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Date: Tue, 10 Dec 2002 17:46:24 -0800
From: Michael Andre-Driussi 
Subject: (urth) FLF: the four and who/what they are

Catharine Margaret Garth, aka Candy, is the massive (250+ pound) pale
prostitute who wears white (a virginal color) which is sometimes (e.g., as
she is singing at the bar in the Consort hotel) mistaken for blue (blue and
white being the colors of Mary, mother of Jesus, iirc).  To escape from
Belmont, the mental hospital, she has to put on the uniform of a black
nurse (note the contrast); after which, since people assume she is a nurse,
she begins to act like one, and becomes a healer.

The witch in black (opposite to Candy's white), known as Madame Serpentina
and Marie, uses her own strip-show seduction to manipulate Ozzie Barnes
early on in the novel, but despite all that she seems to be a virgin (the
gypsy Pete says that King would kill her if she had a non-gypsy boyfriend,
if I read the passage right, and this seems like a real threat rather than
an exagerration).  She is also dark skinned, as the black nurse points out.

Osgood Myles Barnes.  (Why do three of the four have hidden names beginning
with "M"?  I heard that question 16 years ago and now I ask it myself.
Does it have to do with the fact that "M" is at the middle of the
alphabet?)  He talks about being Popeye, but it isn't until after Phil
Reeder, the crazy drunken sailor changes clothes with him at Belmont (and
loses the glass eye) that he really becomes Popeye, complete with towering
Olive Oyl (Robin Valor), Sweet Pea (Little Ozzie), and Bluto (Phil Reeder).
In addition to this, he is the magician Oz and a satyr.

James Stubb.  Ozzie says his original name, "Stubbe," means "room."  Which
does not ring any bells for me, unless it points to "Free as the
House/Country of Oz" thread.

Three of the characters have something about their eyes.  Three of the
characters have Freudian fixations which are psychological explanations of
their vices/character imbalances (Candy's gluttony; Ozzy's lust; Stubb's
inability to feel).

        EYES            FIXATION   OZ CHARACTER
Candy   na              Oral       Dorothy?
Witch   contact lenses  na         Ozma?
Ozzy    glass eye       Genital    Wizard Oz
Stubb   glasses         Anal       Tin Woodman?

I wonder if Candy is "normal girl of Earth" Dorothy to the Witch's Ozma
"sorcerer-princess of Oz"?  I make the tentative link between Stubb and Tin
Woodman mainly because I think Stubb's "hard boiled" persona shows his
inability to feel (the Tin man's problem) as well as the slighter details:
Stubb vaguely suggests to me something cut (like the stump of a felled
tree); Stubb is the one who retrieves the axe after the accident in front
of Free's house.

=City of Oz under seige=
To fend off the demolition, each of the four does what he/she can.  The
witch summons up a chthonic entity that stops the police from going around
the house to the back door (unless this is done by Free himself?), and so
confuses them that they break into the neighbor's house (Mrs. Baker's).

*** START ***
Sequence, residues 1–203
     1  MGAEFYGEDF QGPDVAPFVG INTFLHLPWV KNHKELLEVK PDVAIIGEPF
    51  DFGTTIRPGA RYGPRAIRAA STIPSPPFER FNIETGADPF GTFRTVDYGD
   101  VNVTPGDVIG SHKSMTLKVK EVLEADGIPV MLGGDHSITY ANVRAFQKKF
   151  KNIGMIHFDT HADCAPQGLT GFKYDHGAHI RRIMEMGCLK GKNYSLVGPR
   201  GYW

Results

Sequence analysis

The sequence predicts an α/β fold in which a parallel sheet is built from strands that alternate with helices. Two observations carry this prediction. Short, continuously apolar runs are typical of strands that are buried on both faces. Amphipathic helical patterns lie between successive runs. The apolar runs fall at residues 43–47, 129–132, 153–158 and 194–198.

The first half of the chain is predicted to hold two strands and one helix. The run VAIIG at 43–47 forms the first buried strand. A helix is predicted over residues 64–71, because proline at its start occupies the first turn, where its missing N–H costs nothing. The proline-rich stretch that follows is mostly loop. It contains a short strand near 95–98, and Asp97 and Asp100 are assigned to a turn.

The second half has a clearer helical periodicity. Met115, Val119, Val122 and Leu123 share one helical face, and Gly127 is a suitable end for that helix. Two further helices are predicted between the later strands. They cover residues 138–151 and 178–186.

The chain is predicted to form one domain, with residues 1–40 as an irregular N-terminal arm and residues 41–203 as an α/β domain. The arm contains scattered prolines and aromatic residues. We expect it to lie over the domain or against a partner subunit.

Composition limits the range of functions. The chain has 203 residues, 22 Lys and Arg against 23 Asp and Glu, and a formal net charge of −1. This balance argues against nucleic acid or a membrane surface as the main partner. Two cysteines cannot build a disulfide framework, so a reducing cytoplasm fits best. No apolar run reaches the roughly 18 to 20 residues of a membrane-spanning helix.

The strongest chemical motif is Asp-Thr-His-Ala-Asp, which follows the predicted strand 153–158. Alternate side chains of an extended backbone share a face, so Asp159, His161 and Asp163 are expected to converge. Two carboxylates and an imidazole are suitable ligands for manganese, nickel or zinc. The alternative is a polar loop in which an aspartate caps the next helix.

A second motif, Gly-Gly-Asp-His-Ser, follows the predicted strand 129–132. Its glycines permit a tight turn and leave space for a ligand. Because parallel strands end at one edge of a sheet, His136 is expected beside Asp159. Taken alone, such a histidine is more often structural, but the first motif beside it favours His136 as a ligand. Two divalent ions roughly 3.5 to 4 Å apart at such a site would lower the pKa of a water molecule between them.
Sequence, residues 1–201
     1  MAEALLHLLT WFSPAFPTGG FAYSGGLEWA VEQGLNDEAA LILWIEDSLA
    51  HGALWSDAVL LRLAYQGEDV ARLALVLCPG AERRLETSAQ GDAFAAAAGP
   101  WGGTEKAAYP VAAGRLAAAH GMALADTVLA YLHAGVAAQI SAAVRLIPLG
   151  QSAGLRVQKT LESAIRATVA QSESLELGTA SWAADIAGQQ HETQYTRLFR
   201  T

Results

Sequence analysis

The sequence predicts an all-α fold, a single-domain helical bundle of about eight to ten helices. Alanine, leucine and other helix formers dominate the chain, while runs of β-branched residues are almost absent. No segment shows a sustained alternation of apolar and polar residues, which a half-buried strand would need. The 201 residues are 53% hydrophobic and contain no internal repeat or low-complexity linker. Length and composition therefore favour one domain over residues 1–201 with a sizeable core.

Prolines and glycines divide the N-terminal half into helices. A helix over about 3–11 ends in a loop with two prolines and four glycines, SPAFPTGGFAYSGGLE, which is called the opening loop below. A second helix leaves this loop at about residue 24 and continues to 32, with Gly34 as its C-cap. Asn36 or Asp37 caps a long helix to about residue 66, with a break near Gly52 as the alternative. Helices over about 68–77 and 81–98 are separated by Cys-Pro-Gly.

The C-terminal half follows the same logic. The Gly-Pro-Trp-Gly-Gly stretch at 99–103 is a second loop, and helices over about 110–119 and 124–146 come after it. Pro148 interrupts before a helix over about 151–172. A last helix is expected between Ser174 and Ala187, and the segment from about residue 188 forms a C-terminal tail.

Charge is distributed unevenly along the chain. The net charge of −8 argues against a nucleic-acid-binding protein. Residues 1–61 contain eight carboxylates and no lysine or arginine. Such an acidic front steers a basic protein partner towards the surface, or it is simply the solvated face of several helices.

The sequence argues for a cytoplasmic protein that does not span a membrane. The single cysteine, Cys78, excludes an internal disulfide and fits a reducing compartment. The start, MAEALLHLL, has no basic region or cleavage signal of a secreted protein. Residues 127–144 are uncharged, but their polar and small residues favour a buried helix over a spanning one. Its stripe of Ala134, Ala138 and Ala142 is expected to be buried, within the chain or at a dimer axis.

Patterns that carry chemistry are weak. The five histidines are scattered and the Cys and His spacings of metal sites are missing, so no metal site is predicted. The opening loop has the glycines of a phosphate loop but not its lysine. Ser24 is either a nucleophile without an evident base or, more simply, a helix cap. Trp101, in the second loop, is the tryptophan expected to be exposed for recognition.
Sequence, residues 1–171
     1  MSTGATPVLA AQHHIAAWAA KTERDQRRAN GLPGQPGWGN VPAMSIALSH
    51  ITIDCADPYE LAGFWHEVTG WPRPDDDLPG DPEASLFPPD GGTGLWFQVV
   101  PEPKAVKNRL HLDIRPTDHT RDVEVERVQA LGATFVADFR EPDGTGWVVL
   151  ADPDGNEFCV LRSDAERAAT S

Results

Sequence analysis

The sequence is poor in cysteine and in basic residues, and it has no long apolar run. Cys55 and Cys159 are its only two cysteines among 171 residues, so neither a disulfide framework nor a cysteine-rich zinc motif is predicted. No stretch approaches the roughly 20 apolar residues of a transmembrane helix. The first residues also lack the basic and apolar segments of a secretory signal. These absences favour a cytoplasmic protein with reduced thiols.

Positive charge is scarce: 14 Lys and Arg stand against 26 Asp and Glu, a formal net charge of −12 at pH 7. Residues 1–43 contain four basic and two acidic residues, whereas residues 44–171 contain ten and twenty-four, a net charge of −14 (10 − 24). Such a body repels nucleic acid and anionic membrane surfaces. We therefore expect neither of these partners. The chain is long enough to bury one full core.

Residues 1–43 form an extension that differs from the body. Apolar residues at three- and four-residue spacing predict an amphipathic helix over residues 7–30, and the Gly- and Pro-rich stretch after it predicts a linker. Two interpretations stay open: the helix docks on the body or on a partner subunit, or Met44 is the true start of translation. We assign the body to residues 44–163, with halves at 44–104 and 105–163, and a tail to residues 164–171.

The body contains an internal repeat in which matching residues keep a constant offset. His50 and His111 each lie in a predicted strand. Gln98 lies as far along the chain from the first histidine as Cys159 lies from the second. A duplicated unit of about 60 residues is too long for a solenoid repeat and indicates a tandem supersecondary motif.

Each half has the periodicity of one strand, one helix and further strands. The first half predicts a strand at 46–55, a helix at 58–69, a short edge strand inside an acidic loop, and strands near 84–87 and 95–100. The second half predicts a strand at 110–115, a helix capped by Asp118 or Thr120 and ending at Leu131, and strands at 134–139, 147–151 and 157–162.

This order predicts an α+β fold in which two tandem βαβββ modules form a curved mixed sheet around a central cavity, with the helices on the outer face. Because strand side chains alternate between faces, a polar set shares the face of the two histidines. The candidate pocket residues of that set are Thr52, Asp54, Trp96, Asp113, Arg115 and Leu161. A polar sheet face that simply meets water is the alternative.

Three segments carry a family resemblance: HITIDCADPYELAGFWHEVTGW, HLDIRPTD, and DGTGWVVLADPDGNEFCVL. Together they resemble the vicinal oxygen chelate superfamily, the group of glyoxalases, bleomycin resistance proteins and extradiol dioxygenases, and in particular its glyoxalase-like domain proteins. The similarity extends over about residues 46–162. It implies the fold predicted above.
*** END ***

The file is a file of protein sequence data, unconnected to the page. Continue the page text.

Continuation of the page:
Candy throws water, which first chases the cops away and then freezes on
the porch, turning it into a slippery trap; later she slicks herself up
with baby oil to inhibit their attempts to remove her from the house. Stubb
tries calling all the politicians he knows, and this brings the tv news.
Barnes is the one who calls in all the business men who mob Sergeant
Proudy, including: Mick Malloy (ex-cop, life insurance salesman); Steve
Marshal (life insurance); Nate Glasser with P, E, G & D (investment
counselors); and Sim Sheppard (Florida real estate).

Nathanial Glasser is the one who wears blue-tinted spectacles (naturally).
This seems to be a clear pointer to the Emerald City of Oz, where everyone
wears  green spectacles.  More specifically, it suggests the first man who
is seen wearing these curious glasses: the Guardian of the Gates of Oz.
And Nate Glasser is, in fact, a guardian of the portal of Free's house
(pointing to "Free as the House/City of Oz").

In the first Oz book, the Army of Oz is a single soldier (wearing green
spectacles).  In the second book, iirc, Oz is overrun by an invading army,
a coalition of militants from each of the four member-states of Oz, and
after the Ozma restoration a more modern army of many generals and one
private is established in Oz.

The fact that of the 100 or so businessmen there are four named suggests
comparison to the coalition army, and the fact that the Florida real estate
salesman has to wear beachcomber attire in winter shows that he represents
"the South," much as the coalition army is made up of members from North,
South, East, and West, with the differences marked by a bit of color in
their uniforms.

The fire axe which is used against the door of the house and later beans
Sergeant Proudy in the head, while it looks to be a normal axe, in the
landscape of Oz it can only belong to one figure: Nick Chopper, the Tin
Woodman.  (Not that Officer Williams, who was using the axe, is to be
associated with the Oz hero: as noted above, I begin to wonder if Jim Stubb
is a version of Nick Chopper.)

So in FLF, the Oz elements emerge in such a way as to reinforce the notion
that Free's house is the land of Oz, or at least the Emerald City: only
this time the beseigers (cops and wrecking crew) are set apon by a
coalition army from four points of the compass (whereas in the second Oz
book the coalition army is laying seige to the city).

Again, I'm not an expert on Oz or Freud, so I stand by ready for
corrections on matters relating to either one or anything else.



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